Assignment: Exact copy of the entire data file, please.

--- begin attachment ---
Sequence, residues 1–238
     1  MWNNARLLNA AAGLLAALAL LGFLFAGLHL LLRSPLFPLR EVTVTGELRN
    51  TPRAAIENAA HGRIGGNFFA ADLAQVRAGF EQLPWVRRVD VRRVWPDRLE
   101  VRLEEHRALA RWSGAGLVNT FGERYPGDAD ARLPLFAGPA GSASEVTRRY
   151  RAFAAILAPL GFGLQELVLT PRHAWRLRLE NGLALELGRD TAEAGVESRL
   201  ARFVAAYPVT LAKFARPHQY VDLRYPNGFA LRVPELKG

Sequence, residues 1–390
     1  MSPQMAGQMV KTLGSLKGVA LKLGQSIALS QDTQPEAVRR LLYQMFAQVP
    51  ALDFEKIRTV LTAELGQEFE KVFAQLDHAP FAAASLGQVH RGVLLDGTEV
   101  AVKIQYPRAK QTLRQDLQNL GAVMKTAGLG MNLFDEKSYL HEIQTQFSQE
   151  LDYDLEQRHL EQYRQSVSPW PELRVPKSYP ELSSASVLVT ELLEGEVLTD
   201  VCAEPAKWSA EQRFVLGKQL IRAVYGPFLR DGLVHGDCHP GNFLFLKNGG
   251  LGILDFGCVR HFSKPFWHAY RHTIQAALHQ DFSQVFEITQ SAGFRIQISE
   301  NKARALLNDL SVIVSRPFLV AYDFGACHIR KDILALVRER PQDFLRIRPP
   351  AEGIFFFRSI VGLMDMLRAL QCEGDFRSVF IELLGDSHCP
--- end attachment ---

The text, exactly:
Sequence, residues 1–238
     1  MWNNARLLNA AAGLLAALAL LGFLFAGLHL LLRSPLFPLR EVTVTGELRN
    51  TPRAAIENAA HGRIGGNFFA ADLAQVRAGF EQLPWVRRVD VRRVWPDRLE
   101  VRLEEHRALA RWSGAGLVNT FGERYPGDAD ARLPLFAGPA GSASEVTRRY
   151  RAFAAILAPL GFGLQELVLT PRHAWRLRLE NGLALELGRD TAEAGVESRL
   201  ARFVAAYPVT LAKFARPHQY VDLRYPNGFA LRVPELKG

Sequence, residues 1–390
     1  MSPQMAGQMV KTLGSLKGVA LKLGQSIALS QDTQPEAVRR LLYQMFAQVP
    51  ALDFEKIRTV LTAELGQEFE KVFAQLDHAP FAAASLGQVH RGVLLDGTEV
   101  AVKIQYPRAK QTLRQDLQNL GAVMKTAGLG MNLFDEKSYL HEIQTQFSQE
   151  LDYDLEQRHL EQYRQSVSPW PELRVPKSYP ELSSASVLVT ELLEGEVLTD
   201  VCAEPAKWSA EQRFVLGKQL IRAVYGPFLR DGLVHGDCHP GNFLFLKNGG
   251  LGILDFGCVR HFSKPFWHAY RHTIQAALHQ DFSQVFEITQ SAGFRIQISE
   301  NKARALLNDL SVIVSRPFLV AYDFGACHIR KDILALVRER PQDFLRIRPP
   351  AEGIFFFRSI VGLMDMLRAL QCEGDFRSVF IELLGDSHCP